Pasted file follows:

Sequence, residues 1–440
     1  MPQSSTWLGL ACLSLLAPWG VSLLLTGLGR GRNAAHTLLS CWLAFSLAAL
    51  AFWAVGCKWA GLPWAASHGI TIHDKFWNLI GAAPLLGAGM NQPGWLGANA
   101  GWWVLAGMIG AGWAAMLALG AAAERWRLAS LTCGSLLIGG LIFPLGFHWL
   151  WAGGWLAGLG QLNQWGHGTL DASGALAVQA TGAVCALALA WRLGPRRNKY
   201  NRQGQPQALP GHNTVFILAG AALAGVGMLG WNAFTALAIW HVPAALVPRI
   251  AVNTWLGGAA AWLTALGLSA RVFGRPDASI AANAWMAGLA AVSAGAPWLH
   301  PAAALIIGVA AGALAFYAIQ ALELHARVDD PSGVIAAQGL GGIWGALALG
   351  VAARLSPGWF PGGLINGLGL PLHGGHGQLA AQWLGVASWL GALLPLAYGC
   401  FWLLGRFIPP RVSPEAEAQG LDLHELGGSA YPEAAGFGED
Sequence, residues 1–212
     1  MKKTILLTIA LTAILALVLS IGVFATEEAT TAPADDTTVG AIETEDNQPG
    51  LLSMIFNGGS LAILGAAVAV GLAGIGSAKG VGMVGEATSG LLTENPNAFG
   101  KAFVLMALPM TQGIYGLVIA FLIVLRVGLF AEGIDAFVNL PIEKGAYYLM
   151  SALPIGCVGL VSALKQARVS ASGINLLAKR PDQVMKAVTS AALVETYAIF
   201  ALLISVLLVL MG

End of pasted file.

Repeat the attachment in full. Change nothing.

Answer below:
Sequence, residues 1–440
     1  MPQSSTWLGL ACLSLLAPWG VSLLLTGLGR GRNAAHTLLS CWLAFSLAAL
    51  AFWAVGCKWA GLPWAASHGI TIHDKFWNLI GAAPLLGAGM NQPGWLGANA
   101  GWWVLAGMIG AGWAAMLALG AAAERWRLAS LTCGSLLIGG LIFPLGFHWL
   151  WAGGWLAGLG QLNQWGHGTL DASGALAVQA TGAVCALALA WRLGPRRNKY
   201  NRQGQPQALP GHNTVFILAG AALAGVGMLG WNAFTALAIW HVPAALVPRI
   251  AVNTWLGGAA AWLTALGLSA RVFGRPDASI AANAWMAGLA AVSAGAPWLH
   301  PAAALIIGVA AGALAFYAIQ ALELHARVDD PSGVIAAQGL GGIWGALALG
   351  VAARLSPGWF PGGLINGLGL PLHGGHGQLA AQWLGVASWL GALLPLAYGC
   401  FWLLGRFIPP RVSPEAEAQG LDLHELGGSA YPEAAGFGED
Sequence, residues 1–212
     1  MKKTILLTIA LTAILALVLS IGVFATEEAT TAPADDTTVG AIETEDNQPG
    51  LLSMIFNGGS LAILGAAVAV GLAGIGSAKG VGMVGEATSG LLTENPNAFG
   101  KAFVLMALPM TQGIYGLVIA FLIVLRVGLF AEGIDAFVNL PIEKGAYYLM
   151  SALPIGCVGL VSALKQARVS ASGINLLAKR PDQVMKAVTS AALVETYAIF
   201  ALLISVLLVL MG